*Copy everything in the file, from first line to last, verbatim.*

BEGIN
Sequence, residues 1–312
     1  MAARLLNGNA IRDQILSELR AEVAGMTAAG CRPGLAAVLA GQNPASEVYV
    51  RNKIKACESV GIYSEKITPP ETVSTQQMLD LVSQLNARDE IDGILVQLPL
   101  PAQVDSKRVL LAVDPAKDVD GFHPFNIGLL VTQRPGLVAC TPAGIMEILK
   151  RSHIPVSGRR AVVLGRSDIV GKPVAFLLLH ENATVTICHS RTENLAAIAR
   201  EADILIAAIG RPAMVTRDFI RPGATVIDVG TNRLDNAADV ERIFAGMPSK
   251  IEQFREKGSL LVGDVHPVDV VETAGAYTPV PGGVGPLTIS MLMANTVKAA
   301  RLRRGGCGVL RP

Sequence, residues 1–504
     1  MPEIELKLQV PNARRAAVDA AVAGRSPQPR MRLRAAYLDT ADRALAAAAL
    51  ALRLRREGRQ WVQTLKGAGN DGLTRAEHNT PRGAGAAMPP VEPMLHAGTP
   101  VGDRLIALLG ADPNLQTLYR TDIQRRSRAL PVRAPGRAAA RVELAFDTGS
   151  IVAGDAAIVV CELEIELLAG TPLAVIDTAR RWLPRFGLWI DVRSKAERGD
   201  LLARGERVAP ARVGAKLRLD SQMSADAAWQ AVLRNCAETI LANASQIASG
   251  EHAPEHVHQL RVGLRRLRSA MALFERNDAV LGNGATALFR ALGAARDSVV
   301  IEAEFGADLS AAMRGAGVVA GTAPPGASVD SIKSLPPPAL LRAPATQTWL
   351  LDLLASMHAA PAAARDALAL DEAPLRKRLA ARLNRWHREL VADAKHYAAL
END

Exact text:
Sequence, residues 1–312
     1  MAARLLNGNA IRDQILSELR AEVAGMTAAG CRPGLAAVLA GQNPASEVYV
    51  RNKIKACESV GIYSEKITPP ETVSTQQMLD LVSQLNARDE IDGILVQLPL
   101  PAQVDSKRVL LAVDPAKDVD GFHPFNIGLL VTQRPGLVAC TPAGIMEILK
   151  RSHIPVSGRR AVVLGRSDIV GKPVAFLLLH ENATVTICHS RTENLAAIAR
   201  EADILIAAIG RPAMVTRDFI RPGATVIDVG TNRLDNAADV ERIFAGMPSK
   251  IEQFREKGSL LVGDVHPVDV VETAGAYTPV PGGVGPLTIS MLMANTVKAA
   301  RLRRGGCGVL RP

Sequence, residues 1–504
     1  MPEIELKLQV PNARRAAVDA AVAGRSPQPR MRLRAAYLDT ADRALAAAAL
    51  ALRLRREGRQ WVQTLKGAGN DGLTRAEHNT PRGAGAAMPP VEPMLHAGTP
   101  VGDRLIALLG ADPNLQTLYR TDIQRRSRAL PVRAPGRAAA RVELAFDTGS
   151  IVAGDAAIVV CELEIELLAG TPLAVIDTAR RWLPRFGLWI DVRSKAERGD
   201  LLARGERVAP ARVGAKLRLD SQMSADAAWQ AVLRNCAETI LANASQIASG
   251  EHAPEHVHQL RVGLRRLRSA MALFERNDAV LGNGATALFR ALGAARDSVV
   301  IEAEFGADLS AAMRGAGVVA GTAPPGASVD SIKSLPPPAL LRAPATQTWL
   351  LDLLASMHAA PAAARDALAL DEAPLRKRLA ARLNRWHREL VADAKHYAAL